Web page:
The BackStreet Boys filed a lawsuit against Louis Pearlman and his Trans Continental Records today (Nov. 3) for reimbursement of legal settlements the group paid to former member Sam "Phoenix Stone" L

The BackStreet Boys filed a lawsuit against Louis Pearlman and his Trans Continental Records today (Nov. 3) for reimbursement of legal settlements the group paid to former member Sam "Phoenix Stone" Licata and former managers Sybil Hall and Jeanne Tanzy Williams. The settlement amounts were confidential and have not yet been disclosed.

The complaint, filed in the Circuit Court for Orange County, Fla., alleges that Pearlman orchestrated control over a number of corporations that held rights to the Boys' entertainment services and products since the group first formed in 1993.

The Boys -- Brian Littrell, Howard Dorough, A.J. McLean, Kevin Richardson and Nickolas Carter -- and their corporations allege that Pearlman did not properly handle the 1993 departure of Hall, Williams, and original Boys' member Licata. Pearlman induced the Boys to sign agreements dissolving a corporation, effectively cutting out Hall, Williams and Licata from participating in future revenues, the complaint says. As a result, Pearlman put the Boys' assets at risk from legal claims made by the departing parties.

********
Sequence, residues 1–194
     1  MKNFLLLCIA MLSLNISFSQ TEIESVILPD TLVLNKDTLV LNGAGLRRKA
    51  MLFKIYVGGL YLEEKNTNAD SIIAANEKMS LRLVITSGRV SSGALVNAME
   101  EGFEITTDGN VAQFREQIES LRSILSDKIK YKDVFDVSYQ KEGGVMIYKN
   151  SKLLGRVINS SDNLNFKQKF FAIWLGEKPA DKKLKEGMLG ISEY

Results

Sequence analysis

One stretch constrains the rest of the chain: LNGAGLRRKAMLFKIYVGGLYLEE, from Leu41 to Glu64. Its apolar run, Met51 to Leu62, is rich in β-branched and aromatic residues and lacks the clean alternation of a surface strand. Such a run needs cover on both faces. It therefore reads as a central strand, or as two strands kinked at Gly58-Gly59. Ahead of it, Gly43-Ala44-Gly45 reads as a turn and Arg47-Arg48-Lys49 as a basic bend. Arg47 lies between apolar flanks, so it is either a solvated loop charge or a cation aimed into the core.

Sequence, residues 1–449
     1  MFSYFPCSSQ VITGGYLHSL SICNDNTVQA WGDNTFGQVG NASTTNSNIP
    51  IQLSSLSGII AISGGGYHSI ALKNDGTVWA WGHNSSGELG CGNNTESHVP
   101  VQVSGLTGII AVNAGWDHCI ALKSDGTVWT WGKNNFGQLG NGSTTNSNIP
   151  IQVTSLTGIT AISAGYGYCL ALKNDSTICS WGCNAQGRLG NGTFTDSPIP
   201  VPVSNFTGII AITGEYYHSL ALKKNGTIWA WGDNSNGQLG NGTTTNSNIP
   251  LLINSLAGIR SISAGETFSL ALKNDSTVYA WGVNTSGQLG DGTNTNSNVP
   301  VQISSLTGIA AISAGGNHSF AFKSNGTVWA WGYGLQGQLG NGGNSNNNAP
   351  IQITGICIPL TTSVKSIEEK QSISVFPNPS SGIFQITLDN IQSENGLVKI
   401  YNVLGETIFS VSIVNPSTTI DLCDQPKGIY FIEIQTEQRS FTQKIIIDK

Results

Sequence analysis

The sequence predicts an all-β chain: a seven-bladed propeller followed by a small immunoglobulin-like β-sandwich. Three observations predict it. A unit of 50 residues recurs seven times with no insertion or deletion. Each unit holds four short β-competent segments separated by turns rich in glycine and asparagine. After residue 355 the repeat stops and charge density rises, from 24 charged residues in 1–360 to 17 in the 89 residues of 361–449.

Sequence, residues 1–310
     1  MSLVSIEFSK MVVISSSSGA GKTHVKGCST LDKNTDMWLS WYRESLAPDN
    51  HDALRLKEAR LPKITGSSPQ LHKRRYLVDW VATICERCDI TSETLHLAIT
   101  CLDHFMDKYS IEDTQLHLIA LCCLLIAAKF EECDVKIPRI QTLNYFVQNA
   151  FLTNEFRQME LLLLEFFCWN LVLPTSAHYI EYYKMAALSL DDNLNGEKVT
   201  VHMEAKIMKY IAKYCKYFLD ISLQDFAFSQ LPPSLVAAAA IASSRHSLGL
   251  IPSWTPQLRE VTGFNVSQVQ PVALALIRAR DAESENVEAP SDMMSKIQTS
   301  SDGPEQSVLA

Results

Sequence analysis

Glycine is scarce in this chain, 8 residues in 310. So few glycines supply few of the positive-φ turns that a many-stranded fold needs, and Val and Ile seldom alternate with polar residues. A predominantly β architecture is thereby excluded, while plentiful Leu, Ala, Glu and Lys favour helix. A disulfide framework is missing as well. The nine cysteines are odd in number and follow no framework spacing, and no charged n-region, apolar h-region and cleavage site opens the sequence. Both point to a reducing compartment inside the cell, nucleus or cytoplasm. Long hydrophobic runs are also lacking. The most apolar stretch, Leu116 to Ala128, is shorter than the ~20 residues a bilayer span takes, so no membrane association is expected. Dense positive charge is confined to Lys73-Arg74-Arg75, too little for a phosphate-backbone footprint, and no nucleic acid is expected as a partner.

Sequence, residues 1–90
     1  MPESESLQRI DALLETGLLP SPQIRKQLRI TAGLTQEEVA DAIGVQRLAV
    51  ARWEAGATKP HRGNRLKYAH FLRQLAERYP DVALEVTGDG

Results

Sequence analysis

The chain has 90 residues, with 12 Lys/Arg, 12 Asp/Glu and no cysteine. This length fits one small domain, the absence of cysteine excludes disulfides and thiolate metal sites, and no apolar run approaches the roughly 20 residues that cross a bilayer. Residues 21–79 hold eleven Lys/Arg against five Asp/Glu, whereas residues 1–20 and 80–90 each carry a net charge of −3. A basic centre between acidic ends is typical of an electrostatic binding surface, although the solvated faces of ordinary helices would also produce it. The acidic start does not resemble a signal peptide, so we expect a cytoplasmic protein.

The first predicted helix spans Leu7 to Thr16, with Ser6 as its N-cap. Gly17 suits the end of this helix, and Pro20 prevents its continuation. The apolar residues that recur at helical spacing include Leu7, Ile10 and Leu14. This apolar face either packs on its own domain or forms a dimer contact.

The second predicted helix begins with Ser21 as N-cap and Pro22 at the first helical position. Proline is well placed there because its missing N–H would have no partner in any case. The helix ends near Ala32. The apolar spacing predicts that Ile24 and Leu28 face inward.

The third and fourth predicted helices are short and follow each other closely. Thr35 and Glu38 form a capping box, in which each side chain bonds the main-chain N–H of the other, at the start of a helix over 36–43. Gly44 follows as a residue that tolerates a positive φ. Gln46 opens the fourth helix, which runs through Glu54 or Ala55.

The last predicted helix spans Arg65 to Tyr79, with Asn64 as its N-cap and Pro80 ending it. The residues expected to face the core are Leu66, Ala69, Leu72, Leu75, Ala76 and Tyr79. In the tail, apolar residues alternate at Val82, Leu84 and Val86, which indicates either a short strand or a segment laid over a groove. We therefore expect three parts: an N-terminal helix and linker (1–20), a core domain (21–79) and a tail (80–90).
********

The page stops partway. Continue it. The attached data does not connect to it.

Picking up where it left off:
The complaint notes that Littrell initiated a lawsuit in 1997 against Pearlman and Trans Continental for misappropriation and concealment of revenues generated by the group. McLean, Richardson and Dorough joined the suit the following year. The parties entered a series of settlements beginning in 1998. No provision was made to resolve the interests of Williams, Hall and Licata.

Williams then sued Pearlman and the Boys, as corporate shareholders, in 1999 for fraud and misappropriation of her right to financially share in the success of the group's companies. Before the parties settled this action in 2004, the Boys entered another settlement with Pearlman paying him $29.5 million, the complaint says. The Boys claim that they were induced into entering the later settlement agreement with Pearlman, which also required him to indemnify the Boys for any claims made by Williams or anyone else engaged by Pearlman as a result of his wrongdoing.

Hall and Licata in 2000 also sued Pearlman and the Boys. While the Boys settled this action, it is still pending against Pearlman, says the Boys' lawyer Clay Townsend in Orlando, Fla.

The Boys and their corporations seek "more than $15,000" in damages from Pearlman and Trans Continental, which is the minimum amount of damages required to file a suit in that particular court. The actual amount of damages – the settlement amounts – is listed in documents sealed by the court as confidential, Townsend says.

A spokesperson for Trans Continental says, “Lou Pearlman and Trans Continental Records have been operating in accordance with the terms of the settlement agreement reached in December 2000 with the BackStreet Boys. This lawsuit is without merit and is a classic example of the typical frivolous lawsuits that the United States Congress is trying to eliminate. All claims referenced in this recent action have been fully disclosed and settled under the existing settlement agreement. It’s a shame that attorneys keep trying to run up fees for frivolous attempts and actions. Mr. Pearlman and Trans Continental Records still share in revenue received from the records sales of the Backstreet Boys and wishes them continued success.”

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